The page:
• [0066]
    FIG. 9A is a graph of laser beam light intensity (or laser voltage) versus time according to an illustrative embodiment of the invention. FIG. 9B is a graph of MALDI plate voltage versus time according to an illustrative embodiment of the invention. As shown in FIG. 9B, the voltage of the MALDI plate 158 may be adjusted and/or set to a specific level with respect to time and the laser beam 136 pulse (FIG. 9A) to optimize ion creation and/or collection by the AP-MALDI source 154.
  • [0067]
    FIG. 10A is a graph of voltage (response) versus time as detected by the MS 160 of the system 150 for LipidA. FIG. 10B is a graph of voltage (response) versus time as detected by the MS 160 of the system 150 for Glu-Val-Phe. FIG. 10C is a graph of voltage (response) versus time as detected by the MS 160 of the system 150 for DHB+TFA (matrix). FIGS. 1A-10C illustrate the improved spectra provided by pulsed dynamic focusing on the inlet of a mobility-based filter such as a DMS.
  • [0068]
    FIG. 11A is a conceptual diagram of an AP-MALDI source 170 without PDF. As shown, the ion paths 172 from the MALDI plate 174 to the capillary 176 are such that a portion of the ions are not drawn into the capillary 176, resulting in reduced stability, accuracy, and sensitivity.
  • [0069]
    FIG. 11B is a conceptual diagram of an AP-MALDI source 180 employing PDF. As shown, the ion paths 182 from the MALDI plate 184 to the capillary 186 are focused by the PDF such that a substantial greater portion of the ions are not drawn into the capillary 186, resulting in enhanced stability, accuracy, and sensitivity.
  • [0070]
    In certain embodiments, the invention employs a novel capillary to collect sample ions from a desorption surface, e.g., a MALDI plate.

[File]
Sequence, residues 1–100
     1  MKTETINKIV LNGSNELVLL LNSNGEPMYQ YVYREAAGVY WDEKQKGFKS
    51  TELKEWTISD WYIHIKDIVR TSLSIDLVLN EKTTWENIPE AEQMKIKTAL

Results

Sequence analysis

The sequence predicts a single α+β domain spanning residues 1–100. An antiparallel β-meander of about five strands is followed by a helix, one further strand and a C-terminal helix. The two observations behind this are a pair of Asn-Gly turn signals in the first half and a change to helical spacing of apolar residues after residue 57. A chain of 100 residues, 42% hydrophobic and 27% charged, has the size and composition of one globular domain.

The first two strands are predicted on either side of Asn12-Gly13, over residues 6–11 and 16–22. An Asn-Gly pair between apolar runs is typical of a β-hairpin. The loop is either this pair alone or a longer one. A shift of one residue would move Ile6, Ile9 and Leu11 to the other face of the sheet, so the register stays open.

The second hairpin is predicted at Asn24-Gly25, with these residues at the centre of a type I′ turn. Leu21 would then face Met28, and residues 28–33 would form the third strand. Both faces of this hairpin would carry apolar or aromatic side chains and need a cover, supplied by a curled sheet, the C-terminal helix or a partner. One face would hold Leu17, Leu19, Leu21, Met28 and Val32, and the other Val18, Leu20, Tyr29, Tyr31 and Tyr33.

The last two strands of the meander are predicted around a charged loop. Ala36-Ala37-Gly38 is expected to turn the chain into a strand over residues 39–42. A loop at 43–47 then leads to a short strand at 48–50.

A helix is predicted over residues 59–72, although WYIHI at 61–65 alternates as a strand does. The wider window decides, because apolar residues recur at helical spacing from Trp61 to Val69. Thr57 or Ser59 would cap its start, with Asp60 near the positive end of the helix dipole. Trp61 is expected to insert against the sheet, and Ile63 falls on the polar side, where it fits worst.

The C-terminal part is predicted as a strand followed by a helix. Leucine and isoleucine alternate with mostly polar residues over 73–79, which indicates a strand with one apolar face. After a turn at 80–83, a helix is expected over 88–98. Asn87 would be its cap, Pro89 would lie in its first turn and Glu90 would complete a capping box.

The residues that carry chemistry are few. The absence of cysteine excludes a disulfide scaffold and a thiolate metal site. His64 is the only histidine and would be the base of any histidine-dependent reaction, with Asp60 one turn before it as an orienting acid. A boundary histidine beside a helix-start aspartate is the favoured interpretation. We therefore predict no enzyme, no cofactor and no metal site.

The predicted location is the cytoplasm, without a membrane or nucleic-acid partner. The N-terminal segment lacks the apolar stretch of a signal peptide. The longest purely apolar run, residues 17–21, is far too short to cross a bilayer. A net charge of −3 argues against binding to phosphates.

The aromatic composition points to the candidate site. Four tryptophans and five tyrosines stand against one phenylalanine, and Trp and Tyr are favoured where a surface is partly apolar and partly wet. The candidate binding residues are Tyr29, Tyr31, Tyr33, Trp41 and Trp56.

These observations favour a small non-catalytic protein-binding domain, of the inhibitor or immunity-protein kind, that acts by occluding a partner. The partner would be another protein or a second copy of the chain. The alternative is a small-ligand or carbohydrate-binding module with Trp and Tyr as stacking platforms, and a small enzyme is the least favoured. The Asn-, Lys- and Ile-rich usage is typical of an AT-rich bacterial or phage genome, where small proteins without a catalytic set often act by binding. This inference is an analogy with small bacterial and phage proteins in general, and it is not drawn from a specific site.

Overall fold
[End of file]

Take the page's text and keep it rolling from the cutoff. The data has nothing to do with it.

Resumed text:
• [0071]
    FIG. 12 is a conceptual diagram of a capillary tube 200 for receiving ions from a desorption surface 202 that includes an outer tube 204 for the delivery of a gas shroud 206 around the sample collection area of the desorption surface 202. The capillary tube 200 is surrounded by the gas outlet of the outer tube 204 that propels hot clean gas substantially onto the ion desorption surface 202. The inner capillary tube 200 receives the ions from the desorption surface 202 while a hot clean gas shroud reduces the introduction of contaminants into the capillary tube 200. The hot clean gas may flow at about 1-3 L/min while the ions may be desorbed from the surface 202 at about 0.5-1.5 L/min. The inner diameter of the capillary tube may be about 0.5 to 1 mm in diameter while the end of the capillary tube 200 may be about 0.5 to 3 mm from the desorption surface 202. In one embodiment, a pump 208 provides the gas flow and/or vacuum within the capillary tube 200 to draw ions into the capillary tube. The pump 208 and/or a like pump may provide the flow of hot gas from the out tube 204 to produce the gas shroud 206.